Steller’s sea eagle escaped the Pittsburgh National Aviary and is still at large

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A Steller’s sea eagle escaped its enclosure at the National Aviary in Pittsburgh last Saturday, and despite the valiant efforts of aviary staff and numerous sightings in the local neighborhood posted on social media, Kodiak – Kody at his friends – is always on the loose and we’re all a little worried about him, to be perfectly honest.

It’s a bird that would be hard to miss: it’s large (although in Pittsburgh it probably wouldn’t be called “giant” because “Giant Eagle” is a grocery chain here), with a yellow beak. , a white tail and white feathers at the top of its wings. It is larger than a bald eagle and has a wingspan of around six feet. Kody has been spotted in and around the Pittsburgh neighborhood where the Aviary is located, which seems like a good thing. But he was hard to catch because you can’t just throw a net over him and call him a day, as licensed falconer Richard Lawson said at the Pittsburgh Post-Gazette; a specialized trap (and obviously human) will be necessary.

Steller’s sea eagle (Haliaeetus pelagicus) typically weighs between 13 and 20 pounds and is about four feet tall. He has no natural predators, according to the Aviary, but Kody has lived in captivity for 15 of his 16 years, so he may be a bit rusty on the whole hunt / prey. Steller’s sea eagles eat fish, and more fish, “scavenging mammals” (ew) and even other birds “when fish are scarce.” And in case you’re wondering, they’re named after German naturalist Georg W. Steller, who encountered the birds on a visit to Alaska in 1741.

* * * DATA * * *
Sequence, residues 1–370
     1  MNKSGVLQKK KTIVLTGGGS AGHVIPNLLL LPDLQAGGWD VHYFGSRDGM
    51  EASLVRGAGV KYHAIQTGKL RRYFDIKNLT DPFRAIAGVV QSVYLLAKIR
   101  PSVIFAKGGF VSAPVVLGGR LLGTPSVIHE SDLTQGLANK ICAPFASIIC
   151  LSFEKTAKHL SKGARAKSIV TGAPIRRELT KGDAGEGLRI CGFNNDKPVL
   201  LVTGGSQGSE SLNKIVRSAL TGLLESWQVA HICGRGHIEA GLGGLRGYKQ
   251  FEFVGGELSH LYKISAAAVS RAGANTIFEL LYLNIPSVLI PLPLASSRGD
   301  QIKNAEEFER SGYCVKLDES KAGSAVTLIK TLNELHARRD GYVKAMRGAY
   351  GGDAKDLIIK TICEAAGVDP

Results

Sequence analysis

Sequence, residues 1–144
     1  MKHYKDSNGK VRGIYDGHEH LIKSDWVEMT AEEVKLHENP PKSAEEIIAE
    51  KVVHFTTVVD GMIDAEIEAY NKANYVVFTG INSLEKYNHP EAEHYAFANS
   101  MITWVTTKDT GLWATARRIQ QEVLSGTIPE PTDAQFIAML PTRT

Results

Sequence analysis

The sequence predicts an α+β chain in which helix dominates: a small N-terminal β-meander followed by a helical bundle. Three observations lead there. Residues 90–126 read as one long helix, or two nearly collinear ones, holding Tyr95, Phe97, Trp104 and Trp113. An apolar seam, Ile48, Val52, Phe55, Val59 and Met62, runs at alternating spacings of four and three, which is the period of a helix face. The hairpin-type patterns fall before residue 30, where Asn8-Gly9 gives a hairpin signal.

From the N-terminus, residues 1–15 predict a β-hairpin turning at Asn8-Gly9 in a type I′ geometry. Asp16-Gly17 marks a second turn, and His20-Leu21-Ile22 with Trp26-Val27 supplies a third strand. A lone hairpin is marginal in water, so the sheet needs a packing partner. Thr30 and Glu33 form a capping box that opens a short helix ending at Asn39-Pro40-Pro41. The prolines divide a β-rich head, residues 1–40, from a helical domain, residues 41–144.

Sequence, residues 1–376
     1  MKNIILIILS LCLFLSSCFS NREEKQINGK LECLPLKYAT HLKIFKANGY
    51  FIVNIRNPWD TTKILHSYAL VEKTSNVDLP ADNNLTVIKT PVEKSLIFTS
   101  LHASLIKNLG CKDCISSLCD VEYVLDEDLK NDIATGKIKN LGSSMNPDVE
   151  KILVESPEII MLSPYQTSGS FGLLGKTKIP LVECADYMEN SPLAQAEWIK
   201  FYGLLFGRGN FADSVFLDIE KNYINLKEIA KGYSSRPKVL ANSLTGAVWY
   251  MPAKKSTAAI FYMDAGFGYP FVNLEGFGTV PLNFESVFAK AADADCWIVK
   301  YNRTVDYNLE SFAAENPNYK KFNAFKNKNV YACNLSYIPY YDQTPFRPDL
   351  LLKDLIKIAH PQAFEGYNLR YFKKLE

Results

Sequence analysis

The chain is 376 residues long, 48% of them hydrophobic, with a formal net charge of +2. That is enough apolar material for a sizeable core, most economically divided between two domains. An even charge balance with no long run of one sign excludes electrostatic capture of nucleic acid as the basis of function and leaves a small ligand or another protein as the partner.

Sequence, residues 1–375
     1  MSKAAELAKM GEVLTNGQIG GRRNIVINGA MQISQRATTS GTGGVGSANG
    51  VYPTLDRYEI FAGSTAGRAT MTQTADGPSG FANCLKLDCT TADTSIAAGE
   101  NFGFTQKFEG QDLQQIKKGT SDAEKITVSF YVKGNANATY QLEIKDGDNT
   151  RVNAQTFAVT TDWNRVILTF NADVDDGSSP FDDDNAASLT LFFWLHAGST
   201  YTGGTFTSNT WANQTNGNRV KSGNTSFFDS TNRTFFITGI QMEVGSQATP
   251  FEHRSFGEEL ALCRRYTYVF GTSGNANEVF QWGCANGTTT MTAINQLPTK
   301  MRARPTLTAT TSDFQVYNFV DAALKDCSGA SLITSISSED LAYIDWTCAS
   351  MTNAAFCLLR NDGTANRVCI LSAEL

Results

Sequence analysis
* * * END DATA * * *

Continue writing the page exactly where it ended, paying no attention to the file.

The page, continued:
The Aviary has posted updates to social media and is set to get Kody back, but he has eluded them so far. I was half hoping Kody would make some sort of majestic appearance at the Steelers game last Sunday since Heinz Field isn’t far from the aviary, and the team were at home against the Bengals (we’re not going to talk about that game today, however). Alas, he didn’t.

On Thursday, the aviary’s animal care experts camped out to watch its perch in a large tree in the city’s North Park neighborhood, and they confirmed it was in good condition. They tried to entice him with food, but he didn’t come down. But look at this beautiful, beautiful boi:

A lot of people, including me, before moving to Pittsburgh a thousand years ago, didn’t know what hidden gem the National Aviary is, or that it is in Pittsburgh. Their penguins are usually the big celebrities (hello, this is Pittsburgh), but they also have very cute owls, eagles, flamingos, hawks and canaries, as well as very large ones, among other birds. You can sign up for educational ‘animal encounters’ with many birds – I remember visiting when my son was little; we sat in a big auditorium where birds of prey were flying, and we had like a popsicle stick with food on it (i would rather not think about what the food really was) and you were holding it up at one o’clock birds rushed to eat it. Extremely awesome.

If you are in Pittsburgh and see Kody, call the National Aviary at 412-323-7235. Do not try to approach him, you might frighten him. And when the Aviary team shows up, stay away. They want to get him home safe and sound.


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